Run for your life or at least walk
OK, not everyone can run. But most people can walk
pretty fast or do other weight-bearing exercise to strengthen bones,
tendons and muscles. Those who do it will probably have a longer, more
A remarkable new study by Stanford University
followed middle-aged males beginning in the 1980s. One group of men in
the study were runners and the others were not.
Over time, there were just half as many deaths from
all causes among the runners' group versus the non-runners. Even more
significant, disabilities in the runners occurred 12 to 16 years later
than in the non-runners.
Doctors at Stanford were surprised by the longevity
effect and especially surprised by the quality of life the runners
At the time the project began, those who opposed it predicted that the
men who ran every day would suffer serious injuries and many would
require knee replacements. As it turned out, the result was just the
opposite. Runners did not have higher rates of osteoarthritis and total
Others who criticized the study said runners may have
been in better shape to begin with, but all study subjects were in good
health in 1980
The study was one more example of how simple things
like exercise make a big difference in future health.
Those who are inspired by the runners' story should
check with their doctors before starting to exercise and go slow at
As the old saying goes, you have to walk before you
Vitamin K and diabetes
Researchers at Tufts University have found an
unexpected benefit in vitamin K. At Tufts Human Nutrition Research
Center on Aging, a 36-month, randomized, double-blind trial-- "gold
standard" of scientific research--showed that vitamin K reduced the risk
of insulin resistance in older men, protecting them against diabetes.
Vitamin K is found in green leafy vegetables, as well
as broccoli, brussels sprouts, spring onions and pistachios.
Though study subjects were given a 500-micogram
supplement of vitamin K, this level of the vitamin can easily be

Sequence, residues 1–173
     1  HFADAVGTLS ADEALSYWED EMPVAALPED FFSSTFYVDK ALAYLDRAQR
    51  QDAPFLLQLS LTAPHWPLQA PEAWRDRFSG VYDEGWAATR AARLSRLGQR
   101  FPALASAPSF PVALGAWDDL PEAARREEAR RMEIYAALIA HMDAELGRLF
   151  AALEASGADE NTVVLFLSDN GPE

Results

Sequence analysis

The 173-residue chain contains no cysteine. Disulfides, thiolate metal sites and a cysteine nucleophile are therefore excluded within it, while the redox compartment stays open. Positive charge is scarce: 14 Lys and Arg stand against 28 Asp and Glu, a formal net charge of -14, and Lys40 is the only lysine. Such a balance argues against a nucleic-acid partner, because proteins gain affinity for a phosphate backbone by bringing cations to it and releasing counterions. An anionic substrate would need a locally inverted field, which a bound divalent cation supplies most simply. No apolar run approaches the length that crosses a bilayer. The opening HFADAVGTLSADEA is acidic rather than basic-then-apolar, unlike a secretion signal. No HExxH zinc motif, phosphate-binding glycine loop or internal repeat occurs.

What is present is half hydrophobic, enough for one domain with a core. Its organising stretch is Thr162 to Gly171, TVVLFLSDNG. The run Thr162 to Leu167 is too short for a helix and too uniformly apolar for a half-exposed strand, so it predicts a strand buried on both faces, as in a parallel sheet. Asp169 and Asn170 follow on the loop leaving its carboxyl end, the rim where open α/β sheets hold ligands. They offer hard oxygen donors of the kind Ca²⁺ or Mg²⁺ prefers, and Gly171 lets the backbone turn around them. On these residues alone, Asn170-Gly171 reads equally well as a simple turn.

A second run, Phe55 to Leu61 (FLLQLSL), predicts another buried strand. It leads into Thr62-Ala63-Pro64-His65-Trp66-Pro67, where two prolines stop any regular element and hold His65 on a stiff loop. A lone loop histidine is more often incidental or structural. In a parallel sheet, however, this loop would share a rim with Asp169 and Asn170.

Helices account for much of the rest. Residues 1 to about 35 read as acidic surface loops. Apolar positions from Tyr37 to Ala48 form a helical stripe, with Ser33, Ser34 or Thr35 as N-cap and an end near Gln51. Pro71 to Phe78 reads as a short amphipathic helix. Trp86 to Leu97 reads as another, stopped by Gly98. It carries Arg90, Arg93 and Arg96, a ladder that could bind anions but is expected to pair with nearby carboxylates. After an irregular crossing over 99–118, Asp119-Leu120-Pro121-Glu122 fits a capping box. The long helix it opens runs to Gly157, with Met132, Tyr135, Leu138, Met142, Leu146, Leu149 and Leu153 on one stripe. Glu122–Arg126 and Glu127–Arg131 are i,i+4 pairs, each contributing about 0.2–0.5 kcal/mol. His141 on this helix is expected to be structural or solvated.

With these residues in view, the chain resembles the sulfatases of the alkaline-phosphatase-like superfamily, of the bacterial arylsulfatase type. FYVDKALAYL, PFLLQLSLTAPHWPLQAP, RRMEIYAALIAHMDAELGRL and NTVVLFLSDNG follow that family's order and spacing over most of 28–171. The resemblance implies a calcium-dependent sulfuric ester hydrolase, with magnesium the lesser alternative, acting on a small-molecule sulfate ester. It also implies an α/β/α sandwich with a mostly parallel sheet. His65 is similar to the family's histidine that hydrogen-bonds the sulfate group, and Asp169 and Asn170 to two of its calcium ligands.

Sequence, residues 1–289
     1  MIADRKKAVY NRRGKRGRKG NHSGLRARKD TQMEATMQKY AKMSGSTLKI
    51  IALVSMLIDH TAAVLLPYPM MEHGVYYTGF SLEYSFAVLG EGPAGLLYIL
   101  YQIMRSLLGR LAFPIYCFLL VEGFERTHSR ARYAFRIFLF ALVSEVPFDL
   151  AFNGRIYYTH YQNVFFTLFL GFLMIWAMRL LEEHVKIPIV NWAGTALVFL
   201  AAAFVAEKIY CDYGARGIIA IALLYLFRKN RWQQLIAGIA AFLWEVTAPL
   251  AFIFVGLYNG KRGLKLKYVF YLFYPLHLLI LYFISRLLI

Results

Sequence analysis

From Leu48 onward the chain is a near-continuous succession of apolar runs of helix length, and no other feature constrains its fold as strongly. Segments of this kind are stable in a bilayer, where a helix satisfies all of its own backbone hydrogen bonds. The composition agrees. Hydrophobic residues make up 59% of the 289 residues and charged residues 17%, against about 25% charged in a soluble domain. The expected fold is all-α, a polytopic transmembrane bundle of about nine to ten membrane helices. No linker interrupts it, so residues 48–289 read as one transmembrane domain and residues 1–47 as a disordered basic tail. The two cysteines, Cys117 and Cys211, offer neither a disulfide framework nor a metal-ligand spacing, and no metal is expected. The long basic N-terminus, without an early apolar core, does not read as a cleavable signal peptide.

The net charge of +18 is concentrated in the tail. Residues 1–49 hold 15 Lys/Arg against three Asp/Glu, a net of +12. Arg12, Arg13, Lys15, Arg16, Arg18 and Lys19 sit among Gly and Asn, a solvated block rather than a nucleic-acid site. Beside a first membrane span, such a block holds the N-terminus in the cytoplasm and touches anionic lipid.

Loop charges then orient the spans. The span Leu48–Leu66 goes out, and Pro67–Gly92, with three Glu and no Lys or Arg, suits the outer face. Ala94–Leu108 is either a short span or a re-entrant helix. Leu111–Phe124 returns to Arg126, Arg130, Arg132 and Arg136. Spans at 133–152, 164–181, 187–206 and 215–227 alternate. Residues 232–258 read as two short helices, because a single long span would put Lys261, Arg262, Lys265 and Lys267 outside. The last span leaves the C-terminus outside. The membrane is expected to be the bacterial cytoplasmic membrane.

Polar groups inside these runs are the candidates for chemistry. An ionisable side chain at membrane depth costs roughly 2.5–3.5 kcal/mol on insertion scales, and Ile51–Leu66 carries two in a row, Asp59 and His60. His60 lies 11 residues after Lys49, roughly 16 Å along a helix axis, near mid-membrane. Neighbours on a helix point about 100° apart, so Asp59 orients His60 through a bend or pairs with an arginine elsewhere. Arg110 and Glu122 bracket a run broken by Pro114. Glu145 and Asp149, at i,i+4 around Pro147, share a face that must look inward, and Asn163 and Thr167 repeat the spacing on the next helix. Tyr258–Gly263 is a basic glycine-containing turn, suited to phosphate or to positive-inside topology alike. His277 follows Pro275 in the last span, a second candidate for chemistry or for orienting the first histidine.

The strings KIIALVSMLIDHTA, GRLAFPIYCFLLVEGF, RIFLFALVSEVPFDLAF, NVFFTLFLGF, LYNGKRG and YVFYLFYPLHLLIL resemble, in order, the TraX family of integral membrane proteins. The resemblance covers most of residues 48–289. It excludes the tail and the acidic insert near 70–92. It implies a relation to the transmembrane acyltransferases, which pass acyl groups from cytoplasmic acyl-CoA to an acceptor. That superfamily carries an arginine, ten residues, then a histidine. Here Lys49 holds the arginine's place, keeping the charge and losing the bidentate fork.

obtained through diet.
Cerebral palsy in preterm babies
Scientists at Kaiser Permanent Medical Care Program
have found that babies born at 34 to 36 weeks' gestation are three times
more likely to be diagnosed with cerebral palsy than those born full
term at 37 weeks or later.
At this time, one in 11 births in the United States
occurs between 34 and 36 weeks' gestation. That's more than 370,000
births a year.
The percentage of such late preterm babies has been
growing. Increasing rates of induced labor, cesarean sections, and
fertility treatments play a role, though statistics on each of these
categories have not been developed.
The doctors say not all induced labor births and not
all cesarean section births are necessary. Patients should be aware of
the risks involved.
Hearing loss slowed
A Dutch study published in the Annals of Internal
Medicine shows that participants, ages 50 to 70, who were beginning to
lose their hearing, were benefited by taking 800 mg of folic acid (folate)
per day for three years.
The difference was small (0.7 decibels), but those
who took a placebo lost more hearing than those who took folate. If you
want to try it, consult your doctor first if you take blood thinners.
May is National Bicycle Month
Do you remember riding your bike to the top of a hill
and the exhilaration as you coasted down with the wind whipping at your
hair? Bike riding today can be the same fun experience but it also has
Bicycling can be economical. With the higher prices
for fuel, riding a bike saves money. In this day and age, bicycling may
be the only way a person can travel to work.
Bicycling helps the environment. Motor vehicles
produce greenhouse gases.
Riding a bicycle is great cardio exercise. Cycling
can burn up to 300 calories every thirty minutes. Bicycling can be
family time. Whether cycling to a favorite nature spot or riding around
the neighborhood, bikes bring people together. It's a recreational
physical activity that can be enjoyed by people of all ages.
May is National Bike Month. To celebrate, the League
of American Bicyclists is promoting Bike-to-Work Week from May 11-15 and
Bike-to-Work Day on Friday May 15. Many communities are planning special
events for the month. To find events go to
While bicycling during May or any other month it pays
to follow safety rules.
Stay on the right side. Ride in single file.
Use hand signals before turning and be sure your bicycle is equipped with reflectors.
Wear light-colored clothing at night and at dusk.
If you start to skid as you stop, ease up on the brake a bit. Add pressure a little at a time.
When it rains or snows, remember it takes longer for wet brakes to stop so give yourself a little extra time.
And take the time to enjoy your ride. That's good for
your health too.